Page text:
‘Thanks to the telephone and the help of the Yard, I can usually get my essentials without leaving this room.’
Holmes, in one of his melancholy moods and not wishing to travel to Lewisham to visit the house of a prospective client, Josiah Amberley, sends Watson to act as his representative. He is somewhat dismissive of Watson’s report, noting that ‘It is true that though in your mission you have missed everything of importance, yet even those things which have obtruded themselves upon your notice give rise to serious thought.’ He then goes on to reveal that he has already obtained the details Watson missed, by means of his telephone.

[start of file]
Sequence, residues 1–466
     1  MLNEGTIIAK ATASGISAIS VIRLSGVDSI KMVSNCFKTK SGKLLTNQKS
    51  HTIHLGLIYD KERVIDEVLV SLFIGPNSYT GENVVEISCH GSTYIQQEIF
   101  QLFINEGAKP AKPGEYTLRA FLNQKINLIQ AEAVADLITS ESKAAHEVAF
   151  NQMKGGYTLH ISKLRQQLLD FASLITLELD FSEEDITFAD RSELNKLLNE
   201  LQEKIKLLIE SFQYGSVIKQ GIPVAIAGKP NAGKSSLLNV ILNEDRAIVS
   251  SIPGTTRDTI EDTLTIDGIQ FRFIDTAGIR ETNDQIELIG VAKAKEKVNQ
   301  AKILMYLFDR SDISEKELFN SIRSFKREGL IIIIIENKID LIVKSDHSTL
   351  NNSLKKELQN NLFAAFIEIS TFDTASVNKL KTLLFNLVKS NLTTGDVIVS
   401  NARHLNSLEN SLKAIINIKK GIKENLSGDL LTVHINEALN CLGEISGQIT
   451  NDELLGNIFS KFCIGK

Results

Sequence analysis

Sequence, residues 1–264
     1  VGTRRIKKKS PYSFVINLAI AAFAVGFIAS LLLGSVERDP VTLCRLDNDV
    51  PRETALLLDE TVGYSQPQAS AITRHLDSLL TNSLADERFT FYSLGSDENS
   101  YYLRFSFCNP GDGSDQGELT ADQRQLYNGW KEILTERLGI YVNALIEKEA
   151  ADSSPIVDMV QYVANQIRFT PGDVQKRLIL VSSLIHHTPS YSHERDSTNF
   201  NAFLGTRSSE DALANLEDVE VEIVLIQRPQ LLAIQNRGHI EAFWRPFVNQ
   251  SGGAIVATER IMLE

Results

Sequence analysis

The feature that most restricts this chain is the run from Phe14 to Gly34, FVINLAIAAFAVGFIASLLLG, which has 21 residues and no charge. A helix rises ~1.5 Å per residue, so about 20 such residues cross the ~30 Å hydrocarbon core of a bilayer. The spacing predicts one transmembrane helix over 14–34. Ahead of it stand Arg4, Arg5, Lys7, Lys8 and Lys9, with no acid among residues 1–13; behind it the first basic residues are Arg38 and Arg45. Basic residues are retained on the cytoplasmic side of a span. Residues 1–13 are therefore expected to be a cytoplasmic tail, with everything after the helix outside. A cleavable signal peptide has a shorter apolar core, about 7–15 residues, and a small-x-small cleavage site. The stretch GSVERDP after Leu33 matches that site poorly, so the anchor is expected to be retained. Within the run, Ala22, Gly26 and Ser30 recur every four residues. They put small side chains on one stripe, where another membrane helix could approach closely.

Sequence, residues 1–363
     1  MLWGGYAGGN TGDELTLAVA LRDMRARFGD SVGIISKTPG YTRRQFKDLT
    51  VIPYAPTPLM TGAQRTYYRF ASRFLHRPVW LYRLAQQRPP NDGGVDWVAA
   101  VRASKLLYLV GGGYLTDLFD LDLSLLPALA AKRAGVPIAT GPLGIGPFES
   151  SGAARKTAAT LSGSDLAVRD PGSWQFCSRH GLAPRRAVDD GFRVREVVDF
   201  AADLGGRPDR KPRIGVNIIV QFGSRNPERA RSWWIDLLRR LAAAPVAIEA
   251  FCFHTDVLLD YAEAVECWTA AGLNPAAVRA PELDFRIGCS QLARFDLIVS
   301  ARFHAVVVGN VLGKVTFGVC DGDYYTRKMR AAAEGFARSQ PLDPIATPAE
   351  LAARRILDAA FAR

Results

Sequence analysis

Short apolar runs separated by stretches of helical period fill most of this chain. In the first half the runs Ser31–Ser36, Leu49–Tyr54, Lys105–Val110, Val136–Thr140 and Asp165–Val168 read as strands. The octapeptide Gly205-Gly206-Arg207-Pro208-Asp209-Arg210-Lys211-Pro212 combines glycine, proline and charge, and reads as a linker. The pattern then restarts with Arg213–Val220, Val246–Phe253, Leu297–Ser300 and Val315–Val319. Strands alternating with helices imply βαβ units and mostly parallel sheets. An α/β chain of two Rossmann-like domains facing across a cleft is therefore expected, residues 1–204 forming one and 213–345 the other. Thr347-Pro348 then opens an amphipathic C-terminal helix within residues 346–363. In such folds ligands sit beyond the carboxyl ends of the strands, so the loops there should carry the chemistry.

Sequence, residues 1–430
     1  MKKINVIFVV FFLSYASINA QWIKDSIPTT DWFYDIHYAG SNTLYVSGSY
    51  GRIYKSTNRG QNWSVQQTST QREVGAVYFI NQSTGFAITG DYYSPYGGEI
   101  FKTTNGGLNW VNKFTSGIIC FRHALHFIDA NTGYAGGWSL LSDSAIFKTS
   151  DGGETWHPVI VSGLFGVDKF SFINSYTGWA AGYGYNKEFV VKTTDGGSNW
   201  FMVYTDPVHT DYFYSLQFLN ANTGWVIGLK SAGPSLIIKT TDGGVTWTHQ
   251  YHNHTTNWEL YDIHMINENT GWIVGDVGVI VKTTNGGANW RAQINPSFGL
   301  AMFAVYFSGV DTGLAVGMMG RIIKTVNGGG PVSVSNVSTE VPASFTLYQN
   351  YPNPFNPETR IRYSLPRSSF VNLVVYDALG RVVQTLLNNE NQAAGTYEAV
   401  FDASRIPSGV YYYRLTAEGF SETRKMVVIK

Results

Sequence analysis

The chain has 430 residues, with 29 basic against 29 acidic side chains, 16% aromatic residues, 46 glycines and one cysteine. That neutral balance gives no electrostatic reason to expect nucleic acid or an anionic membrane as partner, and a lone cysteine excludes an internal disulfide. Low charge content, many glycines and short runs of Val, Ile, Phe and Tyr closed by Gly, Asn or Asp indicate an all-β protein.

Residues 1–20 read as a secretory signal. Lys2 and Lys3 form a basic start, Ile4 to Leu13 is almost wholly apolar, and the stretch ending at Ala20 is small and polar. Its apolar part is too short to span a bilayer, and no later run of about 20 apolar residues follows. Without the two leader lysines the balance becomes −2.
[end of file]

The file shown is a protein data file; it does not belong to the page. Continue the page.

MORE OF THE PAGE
The story was one of the very last written by Conan Doyle before his death in 1930. With the telephone now much more common in British society, perhaps he felt that it was time that Holmes had one. The story was first published in the US in Liberty in December 1926. It was published in the UK in The Strand Magazine in January 1927. It was then published in the collection The Case-Book of Sherlock Holmes. The first British edition of the collection, published by John Murray, and the first American edition, published by George H. Doran Co., were both published in June 1927.
by James Elder